Carlson v. Cherny election debate draws hundreds
Students armed with noisemakers and pompoms cheered and booed as Tucker Carlson and Andrei Cherny debated the 2004 election Thursday night.
Carlson represents the “right side of politics” on CNN’s “Crossfire” political discussion show. Cherny represented the left, having been the youngest White House speechwriter ever at the age of 21 under the Clinton administration.
More than 350 people crowded into the University Club in Mary Graydon Center to watch Carlson and Cherny debate how the candidates and political parties were handling issues like prescription drug benefits and the war in Iraq.
Carlson is a conservative Republican but does not support President Bush, so he agreed with Cherny on many of the questions.
Professor James B. Thurber moderated the debate, which was not without banter and insults. At one point, Carlson singled out and criticized a speech Cherny had written for Sen. John Kerry.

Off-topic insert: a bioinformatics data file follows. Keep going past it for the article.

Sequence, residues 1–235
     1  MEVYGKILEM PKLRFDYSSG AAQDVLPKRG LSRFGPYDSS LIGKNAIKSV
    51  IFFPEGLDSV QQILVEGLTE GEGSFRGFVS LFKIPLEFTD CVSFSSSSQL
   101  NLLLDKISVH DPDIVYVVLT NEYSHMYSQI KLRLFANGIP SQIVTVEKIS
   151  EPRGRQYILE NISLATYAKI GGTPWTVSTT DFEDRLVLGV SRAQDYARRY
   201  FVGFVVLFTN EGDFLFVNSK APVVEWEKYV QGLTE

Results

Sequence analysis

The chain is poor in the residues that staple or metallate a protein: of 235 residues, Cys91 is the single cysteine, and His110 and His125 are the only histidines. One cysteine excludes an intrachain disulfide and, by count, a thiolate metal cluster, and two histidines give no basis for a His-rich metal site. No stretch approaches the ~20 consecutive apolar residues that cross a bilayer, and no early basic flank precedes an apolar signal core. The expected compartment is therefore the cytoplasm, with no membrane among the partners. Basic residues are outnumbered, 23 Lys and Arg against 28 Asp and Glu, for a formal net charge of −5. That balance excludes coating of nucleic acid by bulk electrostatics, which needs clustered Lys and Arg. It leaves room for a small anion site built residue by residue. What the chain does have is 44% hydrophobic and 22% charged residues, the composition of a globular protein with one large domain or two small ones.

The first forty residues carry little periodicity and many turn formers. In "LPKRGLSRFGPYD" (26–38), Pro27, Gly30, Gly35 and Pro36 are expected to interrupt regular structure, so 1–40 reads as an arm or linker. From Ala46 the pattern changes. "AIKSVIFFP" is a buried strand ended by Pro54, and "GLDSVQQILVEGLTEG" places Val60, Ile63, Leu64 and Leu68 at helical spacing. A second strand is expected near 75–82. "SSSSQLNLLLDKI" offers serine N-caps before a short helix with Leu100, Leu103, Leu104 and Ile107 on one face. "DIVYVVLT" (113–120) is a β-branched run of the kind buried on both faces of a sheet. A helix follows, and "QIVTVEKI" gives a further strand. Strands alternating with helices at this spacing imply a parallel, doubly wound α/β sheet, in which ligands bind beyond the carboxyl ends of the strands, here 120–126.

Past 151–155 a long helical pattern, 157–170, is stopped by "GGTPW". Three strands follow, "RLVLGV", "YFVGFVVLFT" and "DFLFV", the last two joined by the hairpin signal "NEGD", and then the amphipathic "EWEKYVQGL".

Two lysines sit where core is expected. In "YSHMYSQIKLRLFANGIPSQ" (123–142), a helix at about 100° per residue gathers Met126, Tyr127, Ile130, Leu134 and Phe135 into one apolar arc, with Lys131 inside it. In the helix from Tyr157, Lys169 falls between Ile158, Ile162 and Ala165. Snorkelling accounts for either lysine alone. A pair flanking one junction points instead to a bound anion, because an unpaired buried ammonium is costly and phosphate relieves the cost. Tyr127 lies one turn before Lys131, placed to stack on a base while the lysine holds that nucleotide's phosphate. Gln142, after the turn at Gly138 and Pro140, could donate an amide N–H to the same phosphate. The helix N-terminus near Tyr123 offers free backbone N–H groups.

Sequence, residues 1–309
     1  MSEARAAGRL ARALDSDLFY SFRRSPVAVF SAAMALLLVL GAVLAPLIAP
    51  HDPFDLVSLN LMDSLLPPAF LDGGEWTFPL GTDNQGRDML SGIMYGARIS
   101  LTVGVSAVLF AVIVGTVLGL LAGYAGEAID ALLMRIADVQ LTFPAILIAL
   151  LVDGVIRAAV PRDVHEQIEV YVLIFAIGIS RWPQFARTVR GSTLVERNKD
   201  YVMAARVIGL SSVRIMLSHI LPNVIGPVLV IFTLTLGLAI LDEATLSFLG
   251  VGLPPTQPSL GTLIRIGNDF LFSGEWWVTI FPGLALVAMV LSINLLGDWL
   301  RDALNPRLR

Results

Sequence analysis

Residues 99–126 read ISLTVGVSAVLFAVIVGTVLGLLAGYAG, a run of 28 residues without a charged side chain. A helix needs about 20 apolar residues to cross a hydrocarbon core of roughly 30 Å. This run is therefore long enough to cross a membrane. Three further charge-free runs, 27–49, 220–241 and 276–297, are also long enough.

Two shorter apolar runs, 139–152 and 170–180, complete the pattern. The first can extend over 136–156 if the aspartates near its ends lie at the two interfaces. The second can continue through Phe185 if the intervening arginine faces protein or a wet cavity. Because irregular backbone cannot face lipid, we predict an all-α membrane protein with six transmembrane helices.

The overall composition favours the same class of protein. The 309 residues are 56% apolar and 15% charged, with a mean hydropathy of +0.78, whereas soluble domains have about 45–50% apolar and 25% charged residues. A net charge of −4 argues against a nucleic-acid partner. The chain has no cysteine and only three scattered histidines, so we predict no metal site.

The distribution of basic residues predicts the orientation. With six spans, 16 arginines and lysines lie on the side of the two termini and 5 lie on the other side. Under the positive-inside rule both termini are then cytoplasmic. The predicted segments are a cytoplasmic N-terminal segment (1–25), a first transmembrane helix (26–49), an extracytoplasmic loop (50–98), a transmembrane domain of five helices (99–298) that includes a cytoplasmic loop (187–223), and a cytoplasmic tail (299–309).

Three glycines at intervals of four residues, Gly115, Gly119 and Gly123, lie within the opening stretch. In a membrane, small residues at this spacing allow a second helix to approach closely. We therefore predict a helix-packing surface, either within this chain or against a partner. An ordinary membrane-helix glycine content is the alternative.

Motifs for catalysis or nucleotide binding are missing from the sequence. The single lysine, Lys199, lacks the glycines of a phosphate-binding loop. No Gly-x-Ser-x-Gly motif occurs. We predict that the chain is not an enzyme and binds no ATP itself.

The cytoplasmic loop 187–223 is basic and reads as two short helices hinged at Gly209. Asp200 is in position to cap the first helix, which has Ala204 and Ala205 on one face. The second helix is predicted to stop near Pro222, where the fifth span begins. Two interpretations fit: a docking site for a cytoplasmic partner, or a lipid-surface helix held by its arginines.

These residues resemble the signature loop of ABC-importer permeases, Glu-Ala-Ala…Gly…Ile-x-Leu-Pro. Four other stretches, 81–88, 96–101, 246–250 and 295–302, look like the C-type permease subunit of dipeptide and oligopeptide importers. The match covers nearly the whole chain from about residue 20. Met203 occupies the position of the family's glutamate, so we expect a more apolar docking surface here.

Sophomore Lauren Zoebelein thought that Carlson was rude to Cherny.
“He kept cutting in and insulting him indiscreetly,” she said.
Zoebelein said she was also shocked when Carlson said he wasn’t going to vote in this election. Some audience members who were also surprised even booed Carlson.
Carlson explained that he didn’t like either candidate and so was abstaining from voting. He said people shouldn’t adopt a “lesser-of-two-evils attitude” and shouldn’t vote if a candidate doesn’t represent them fully.
Cherny, however, encouraged audience members to vote, saying this election would shape the future profoundly. He reminded the audience that the next president might choose four Supreme Court justices and that social security is nearing a major crisis.
Kennedy Political Union Director Emily Fuller said that she was nervous about the event because it was KPU’s first debate of the year. She had begun initial planning for the event over the summer.
“I thought it went really well,” Fuller said. “It was interesting and informative.”